Bryn Mawr Classical Review 2012.03.14
Alexandra Alexandridou, The Early Black-figured Pottery of Attika in Context (c. 630-570 BCE). Monumenta Graeca et Romana, 17. Leiden; Boston: Brill, 2011. Pp. xlii, 252; 36 p. of plates. ISBN 9789004186040. $212.00.
Reviewed by Vladimir Stissi, University of Amsterdam (email@example.com)
Book titles do not always make a reader’s life easier. Those expecting a study of early Attic black-figured pottery in its archaeological (that is, excavated) contexts will be highly disappointed by this book, which does not look underground very much: the ‘context’ of the title refers to contemporary Attic society. Even taking that as a starting point, however, and leaving aside the issue whether context in this sense is not a self-evident part of any early 21st century archaeological and/or art-historical study, I found that the title promised rather more than the book offers. The dialogue between pots and context remains quite one-sided, and the resulting worldview is rather ‘ceramocentric’.
The titles of each chapter ( ‘History of Research’,‘Shapes’, ‘Painters’, ‘Iconography’ and ‘Distribution’, with a short ‘Ceramic Approach to Early Archaic Attika’ as a conclusion) reveal very well what this book really is: a rather traditional, albeit very comprehensive, art-historical overview, with a twist. The framework comes directly from Beazley, the great inspirer of Attic pottery studies, but the ‘traditional’ typological, stylistic, and iconographic data are not only used to understand the pottery itself, but also to give some insights into the society that produced and used it. From this point of view, the book does a good job.
Indeed, the chapters on shapes, painters and iconography combine truly encyclopedic collections of information, mostly squeezed out of the existing literature, with some refreshing, more personal insights on various aspects of production and use. Alexandridou is very good at presenting the wide range of discussions and interpretations regarding every detail she treats, although the density of information will surely often overwhelm the non-specialist. Still, as usual in this field of archaeology, many of the interpretations and conclusions remain hypothetical or speculative. Moreover, rather than weighing arguments and choosing a side, Alexandridou seems to avoid taking one as much as possible, and leaves many discussions open. Wise, probably, but also somewhat frustrating to readers looking for specialist guidance and interpretation.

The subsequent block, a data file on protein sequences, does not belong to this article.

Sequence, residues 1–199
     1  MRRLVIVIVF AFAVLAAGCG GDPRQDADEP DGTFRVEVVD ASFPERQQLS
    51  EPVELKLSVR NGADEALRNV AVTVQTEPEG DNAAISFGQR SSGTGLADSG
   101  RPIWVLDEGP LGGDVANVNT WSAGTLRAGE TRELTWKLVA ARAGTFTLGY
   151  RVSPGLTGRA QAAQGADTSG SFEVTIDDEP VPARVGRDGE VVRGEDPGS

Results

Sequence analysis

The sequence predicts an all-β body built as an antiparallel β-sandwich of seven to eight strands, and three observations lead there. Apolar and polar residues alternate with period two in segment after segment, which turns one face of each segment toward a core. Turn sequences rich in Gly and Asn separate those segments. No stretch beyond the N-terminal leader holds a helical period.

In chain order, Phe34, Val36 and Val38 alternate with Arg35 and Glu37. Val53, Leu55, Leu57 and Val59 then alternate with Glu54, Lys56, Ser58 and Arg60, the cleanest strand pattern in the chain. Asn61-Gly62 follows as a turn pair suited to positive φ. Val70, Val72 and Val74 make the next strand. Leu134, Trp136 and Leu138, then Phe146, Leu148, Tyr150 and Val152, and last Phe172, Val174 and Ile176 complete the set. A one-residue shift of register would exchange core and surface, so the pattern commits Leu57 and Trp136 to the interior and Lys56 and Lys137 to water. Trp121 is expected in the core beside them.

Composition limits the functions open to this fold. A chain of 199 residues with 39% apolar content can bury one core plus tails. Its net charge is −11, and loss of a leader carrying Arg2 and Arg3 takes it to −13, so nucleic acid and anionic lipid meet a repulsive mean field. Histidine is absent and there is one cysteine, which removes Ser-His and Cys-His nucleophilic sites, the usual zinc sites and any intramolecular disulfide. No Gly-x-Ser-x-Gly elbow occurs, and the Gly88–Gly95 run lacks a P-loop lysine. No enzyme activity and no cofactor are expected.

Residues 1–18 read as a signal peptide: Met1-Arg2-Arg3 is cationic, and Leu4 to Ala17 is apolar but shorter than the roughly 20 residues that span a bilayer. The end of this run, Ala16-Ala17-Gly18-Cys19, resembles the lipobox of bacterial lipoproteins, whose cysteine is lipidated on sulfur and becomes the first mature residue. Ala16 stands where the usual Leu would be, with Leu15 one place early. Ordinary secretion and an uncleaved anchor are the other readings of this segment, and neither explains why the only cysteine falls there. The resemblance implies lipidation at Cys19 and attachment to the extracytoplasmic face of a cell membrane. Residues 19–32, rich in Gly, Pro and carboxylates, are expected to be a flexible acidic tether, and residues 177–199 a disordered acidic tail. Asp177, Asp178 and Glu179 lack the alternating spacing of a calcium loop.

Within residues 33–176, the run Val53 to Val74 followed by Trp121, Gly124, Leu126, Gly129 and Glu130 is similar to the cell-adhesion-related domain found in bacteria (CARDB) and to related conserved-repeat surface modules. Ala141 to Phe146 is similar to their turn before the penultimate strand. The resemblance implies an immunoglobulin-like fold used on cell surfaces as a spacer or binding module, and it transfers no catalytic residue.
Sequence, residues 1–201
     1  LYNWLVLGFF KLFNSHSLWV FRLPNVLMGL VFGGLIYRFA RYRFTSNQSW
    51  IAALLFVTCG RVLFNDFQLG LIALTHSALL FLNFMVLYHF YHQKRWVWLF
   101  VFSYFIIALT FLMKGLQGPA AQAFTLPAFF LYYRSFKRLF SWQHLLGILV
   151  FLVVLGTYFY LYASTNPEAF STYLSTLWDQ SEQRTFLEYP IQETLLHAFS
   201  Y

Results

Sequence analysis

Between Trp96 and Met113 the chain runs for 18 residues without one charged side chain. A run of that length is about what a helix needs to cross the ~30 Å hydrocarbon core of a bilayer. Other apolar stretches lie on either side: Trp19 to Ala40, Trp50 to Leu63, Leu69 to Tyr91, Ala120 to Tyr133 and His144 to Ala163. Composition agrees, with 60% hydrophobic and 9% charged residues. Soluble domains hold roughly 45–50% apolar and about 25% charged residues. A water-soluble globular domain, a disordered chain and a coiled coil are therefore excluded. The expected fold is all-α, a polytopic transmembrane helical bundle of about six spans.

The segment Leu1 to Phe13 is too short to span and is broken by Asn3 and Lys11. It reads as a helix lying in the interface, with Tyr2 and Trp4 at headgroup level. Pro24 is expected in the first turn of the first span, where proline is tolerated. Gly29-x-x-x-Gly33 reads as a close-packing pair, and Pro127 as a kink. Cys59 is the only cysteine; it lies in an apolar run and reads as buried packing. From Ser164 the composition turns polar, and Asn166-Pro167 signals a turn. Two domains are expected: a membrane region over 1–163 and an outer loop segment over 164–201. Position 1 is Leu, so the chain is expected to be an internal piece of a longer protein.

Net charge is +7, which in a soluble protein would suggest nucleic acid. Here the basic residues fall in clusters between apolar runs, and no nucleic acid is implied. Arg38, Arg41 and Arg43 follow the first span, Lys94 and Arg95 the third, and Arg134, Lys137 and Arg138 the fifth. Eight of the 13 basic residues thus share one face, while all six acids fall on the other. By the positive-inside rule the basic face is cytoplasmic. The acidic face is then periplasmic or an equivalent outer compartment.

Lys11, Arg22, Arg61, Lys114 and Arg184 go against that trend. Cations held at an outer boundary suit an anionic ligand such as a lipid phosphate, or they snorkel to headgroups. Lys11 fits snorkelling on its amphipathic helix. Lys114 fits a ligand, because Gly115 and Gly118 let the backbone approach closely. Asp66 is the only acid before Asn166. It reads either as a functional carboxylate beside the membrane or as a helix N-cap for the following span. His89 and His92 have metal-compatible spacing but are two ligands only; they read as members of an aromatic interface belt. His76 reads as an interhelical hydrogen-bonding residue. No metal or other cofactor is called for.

More problematic—and this brings me back to the word ‘context’ of the title—is that the traditional approach and the strong focus on existing literature and ongoing scholarly discussions often keep this study on old tracks, where new ones are within reach. A better look at context, in whatever sense of the word, could help explain many things, or deconstruct archaeological fictions. A few examples:
In the chapter on shapes, the kantharos, a relatively rare shape in Attica, but one of the more common drinking vessels in the rest of mainland Greece, is looked at from a narrow Attic perspective. Its origin is placed in the Late Protogeometric period, leaving aside earlier specimens and possible continuity as far back as the Middle Bronze Age further north (and west); likewise, Alexandridou discusses whether the early 6th century Attic kantharos shape is a local invention or is derived from Etruscan or Boeotian examples. She does not take into account, however, the continuous popularity and development of the shape in Boeotia and areas further north through the Early Iron Age into the 7th and 6th centuries. Its present-day fame should not isolate Attic pottery from its artisanal context, which is not just local, but can be regional and even supra-regional, and may well place it in a periphery of a strong tradition in this case. In addition, Alexandridou’s suggestion that Boeotian kantharoi, unlike Athenian, primarily served funerary purposes overlooks their frequent presence in sanctuaries. Further, since there is hardly any domestic evidence of the Archaic period from Boeotia (or Attica, for that matter) one can only speculate about the use of pots in the home.
More generally, the ambiguity of the functionality of pots almost exclusively found in graves or votive assemblages, with domestic contexts mostly lacking, is an issue occasionally touched upon but never really addressed in this book. In fact, Alexandridou seems to assume that, generally, votive or funerary pots before deposition must have been put to practical use according to the function ‘implied’ by their shapes, either in daily life or as part of ceremonies. I would argue that things must have been quite a bit more complex, but however we look at it, supporting evidence, preferably from archaeological contexts should have been offered. Without that, any assumption on ancient use of pots remains speculative.
This absence of archaeological context leading to missing evidence is a recurring problem, which can take different shapes. Sometimes, the evidence Alexandridou misses does not offer a positive contribution, but a negative one, deconstructing very speculative interpretations which nevertheless dominate the scholarly discussions in which she engages. Typical is her treatment of the famous Sophilos fragment, showing the funeral games for Patroklos, found near Pharsalos, in the quite remote inlands of Thessaly, but close to the area Achilles was supposed to come from. Alexandridou elaborately discusses the scene twice, offering various hypotheses on its local use and meaning, but, though mentioning the find spot, apparently did not bother to look up the (very summary) original publications of the excavation the piece was found in.1 These make clear that in this case the find context, perhaps domestic, perhaps a sanctuary, possibly but not surely a predecessor of Classical-Hellenistic Pharsalos, offers no useful information, and any attempt to relate the scene to a local festival or cult is pure speculation. Not having a context can thus be helpful too, if one only bothers to check.